Job Description for a Drama Teacher
A drama teacher educates his or her students in different acting styles, methods, and techniques. Teaching drama means training pupils in how to communicate, control and project their voices, and present themselves. The responsibilities of a drama educator may include creating lesson plans, teaching students about plays and the history of drama, assisting students in creating their own dramatic pieces, organizing and managing the learning environment, directing performance rehearsals, helping to assemble and manage lighting and sets, and assessing students' performance.
|Education||Theater experience, bachelor's degree and certificate to teach recommended|
|Job Skills||Flexibility, determination, energy, dedication|
|Median Salary (2017)*||$ 57,160-$59,170 for elementary through high school teachers|
|Job Growth (2016-2026)*||7% for elementary teachers, 8% for middle and high school teachers|
Source: *U.S. Bureau of Labor Statistics
Depending on the setting in which you will be teaching drama, the exact degree or credentials required will vary. For example, if you're teaching drama at a local community center, you may need only to have experience in theater; however, if you're looking to teach drama in a school setting, you'll need at least a bachelor's degree in a field like theater or the performing arts and a teaching certificate from the state in which you plan to teach.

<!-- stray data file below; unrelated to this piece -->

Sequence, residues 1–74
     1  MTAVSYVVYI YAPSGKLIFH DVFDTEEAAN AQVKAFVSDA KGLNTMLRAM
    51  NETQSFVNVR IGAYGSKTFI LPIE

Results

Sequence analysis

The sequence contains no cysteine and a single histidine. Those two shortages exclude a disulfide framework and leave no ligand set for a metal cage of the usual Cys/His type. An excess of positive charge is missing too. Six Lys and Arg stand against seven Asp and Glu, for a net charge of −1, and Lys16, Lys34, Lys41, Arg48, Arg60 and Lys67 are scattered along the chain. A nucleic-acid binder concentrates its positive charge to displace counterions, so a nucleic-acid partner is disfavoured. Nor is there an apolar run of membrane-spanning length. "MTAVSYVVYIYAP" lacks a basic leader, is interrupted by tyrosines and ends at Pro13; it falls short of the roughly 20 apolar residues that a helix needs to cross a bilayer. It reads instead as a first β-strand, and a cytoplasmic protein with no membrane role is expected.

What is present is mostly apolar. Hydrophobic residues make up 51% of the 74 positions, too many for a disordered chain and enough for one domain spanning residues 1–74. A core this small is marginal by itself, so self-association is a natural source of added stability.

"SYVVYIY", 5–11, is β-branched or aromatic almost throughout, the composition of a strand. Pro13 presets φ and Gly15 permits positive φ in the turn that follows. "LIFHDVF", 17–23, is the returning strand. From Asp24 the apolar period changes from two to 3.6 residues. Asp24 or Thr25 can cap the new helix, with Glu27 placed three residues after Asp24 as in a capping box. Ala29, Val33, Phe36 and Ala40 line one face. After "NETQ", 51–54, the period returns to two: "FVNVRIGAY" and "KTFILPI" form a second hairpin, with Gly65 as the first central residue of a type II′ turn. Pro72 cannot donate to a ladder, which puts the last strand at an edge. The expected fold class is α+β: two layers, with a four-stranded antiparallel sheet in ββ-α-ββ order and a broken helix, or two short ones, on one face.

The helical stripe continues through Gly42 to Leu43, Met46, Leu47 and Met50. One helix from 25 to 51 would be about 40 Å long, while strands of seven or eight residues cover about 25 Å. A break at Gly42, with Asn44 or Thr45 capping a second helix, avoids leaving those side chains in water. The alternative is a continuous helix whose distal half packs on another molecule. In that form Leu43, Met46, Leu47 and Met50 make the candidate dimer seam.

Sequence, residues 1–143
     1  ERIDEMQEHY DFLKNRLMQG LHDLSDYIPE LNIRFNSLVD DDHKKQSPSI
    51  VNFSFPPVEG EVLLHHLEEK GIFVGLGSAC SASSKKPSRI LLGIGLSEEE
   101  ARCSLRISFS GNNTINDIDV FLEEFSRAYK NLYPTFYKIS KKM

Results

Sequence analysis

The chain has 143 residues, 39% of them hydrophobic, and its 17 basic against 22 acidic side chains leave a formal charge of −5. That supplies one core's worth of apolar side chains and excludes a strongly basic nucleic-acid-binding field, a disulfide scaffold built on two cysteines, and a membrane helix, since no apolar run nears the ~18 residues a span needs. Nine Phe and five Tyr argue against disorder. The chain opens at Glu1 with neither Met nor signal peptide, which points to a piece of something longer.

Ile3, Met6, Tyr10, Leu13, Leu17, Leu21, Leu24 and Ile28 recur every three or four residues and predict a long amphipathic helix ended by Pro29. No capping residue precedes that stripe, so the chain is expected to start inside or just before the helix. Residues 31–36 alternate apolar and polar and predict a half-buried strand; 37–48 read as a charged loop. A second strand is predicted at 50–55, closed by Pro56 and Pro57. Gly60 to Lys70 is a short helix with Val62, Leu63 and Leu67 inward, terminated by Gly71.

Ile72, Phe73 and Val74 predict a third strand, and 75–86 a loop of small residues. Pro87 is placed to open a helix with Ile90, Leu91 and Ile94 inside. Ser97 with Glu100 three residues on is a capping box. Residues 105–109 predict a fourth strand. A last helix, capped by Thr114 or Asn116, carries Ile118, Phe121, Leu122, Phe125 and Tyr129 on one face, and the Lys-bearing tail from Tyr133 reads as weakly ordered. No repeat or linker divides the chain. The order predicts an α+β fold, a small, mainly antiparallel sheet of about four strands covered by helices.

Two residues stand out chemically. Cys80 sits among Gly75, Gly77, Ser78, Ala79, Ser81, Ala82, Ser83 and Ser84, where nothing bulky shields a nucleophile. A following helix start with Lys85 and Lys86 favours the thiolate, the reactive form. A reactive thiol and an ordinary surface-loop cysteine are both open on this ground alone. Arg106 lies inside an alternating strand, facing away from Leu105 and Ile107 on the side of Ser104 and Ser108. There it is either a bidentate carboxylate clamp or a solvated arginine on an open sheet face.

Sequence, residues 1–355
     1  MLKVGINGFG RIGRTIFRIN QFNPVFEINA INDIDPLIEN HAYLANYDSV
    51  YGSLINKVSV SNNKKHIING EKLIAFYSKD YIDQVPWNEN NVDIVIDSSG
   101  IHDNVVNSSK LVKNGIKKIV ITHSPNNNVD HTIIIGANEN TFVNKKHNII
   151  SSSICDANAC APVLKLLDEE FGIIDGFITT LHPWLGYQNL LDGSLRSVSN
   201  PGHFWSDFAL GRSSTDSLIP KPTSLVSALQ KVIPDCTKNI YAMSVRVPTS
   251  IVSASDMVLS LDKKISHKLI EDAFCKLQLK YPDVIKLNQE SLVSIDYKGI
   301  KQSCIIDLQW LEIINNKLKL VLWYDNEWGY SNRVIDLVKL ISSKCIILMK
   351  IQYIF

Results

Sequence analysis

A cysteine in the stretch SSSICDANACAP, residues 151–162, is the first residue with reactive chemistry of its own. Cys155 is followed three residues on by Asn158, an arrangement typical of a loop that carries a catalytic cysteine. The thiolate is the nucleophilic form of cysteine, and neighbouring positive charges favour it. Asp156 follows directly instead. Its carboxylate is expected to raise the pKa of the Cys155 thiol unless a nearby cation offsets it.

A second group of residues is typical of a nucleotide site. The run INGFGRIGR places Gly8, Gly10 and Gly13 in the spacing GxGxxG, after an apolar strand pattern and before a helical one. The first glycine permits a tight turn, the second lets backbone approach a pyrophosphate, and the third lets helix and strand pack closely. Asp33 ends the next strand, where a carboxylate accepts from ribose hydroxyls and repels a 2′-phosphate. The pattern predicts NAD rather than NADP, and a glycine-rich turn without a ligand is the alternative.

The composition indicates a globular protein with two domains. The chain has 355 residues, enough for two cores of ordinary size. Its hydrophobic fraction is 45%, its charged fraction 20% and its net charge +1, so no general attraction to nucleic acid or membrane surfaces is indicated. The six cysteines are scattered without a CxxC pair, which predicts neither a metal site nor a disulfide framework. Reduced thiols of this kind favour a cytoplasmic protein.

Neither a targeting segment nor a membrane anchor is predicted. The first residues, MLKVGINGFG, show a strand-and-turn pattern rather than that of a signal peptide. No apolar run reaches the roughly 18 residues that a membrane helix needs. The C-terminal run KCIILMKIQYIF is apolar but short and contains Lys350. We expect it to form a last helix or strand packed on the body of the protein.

A typical Bachelor of Arts in Performing Arts program takes about four years to complete, and it could include courses in acting, voice, the history of theater, set and lighting design, play direction, and drama theory and criticism. The time and requirements to obtain a teaching certificate vary by state, but it typically takes from six months to two years to become certified to teach in elementary, middle, and high schools.
Working as a drama teacher requires flexibility, determination, and lots of energy. Especially when teaching in a school environment, dedication to the task at hand and a love of your job will serve you well.
Career and Economic Outlook
Drama teachers working in elementary, middle, and secondary schools are compensated similarly to other teachers. The U.S. Bureau of Labor Statistics (BLS) reported that the median compensation as of May 2017 for elementary through high school teachers ranged from $57,160 to $59,170. The employment of elementary school teachers is expected to grow by 7% between 2016 and 2026, while jobs for middle school and high school teachers should grow 8% during the same time. Employment opportunities for drama teachers was expected to be above average in school districts in rural areas and inner cities.
Alternative Career Options
You can also find the following careers in teaching:
These types of teachers instruct students on self-improvement subjects, like foreign languages and music. From 2016 to 2026, this group could see a 16% increase in jobs, per the BLS. The education requirements vary by employer, but a high school diploma is the minimum requirement. Self-enrichment teachers had a median salary of $38,440 in 2017.
College and university teachers typically need a master's or doctoral degree. The BLS reported that those teaching art, drama and music were projected to have a 12% rise in employment from 2016 to 2026 and earned a median salary of $66,930, based on 2017 statistics.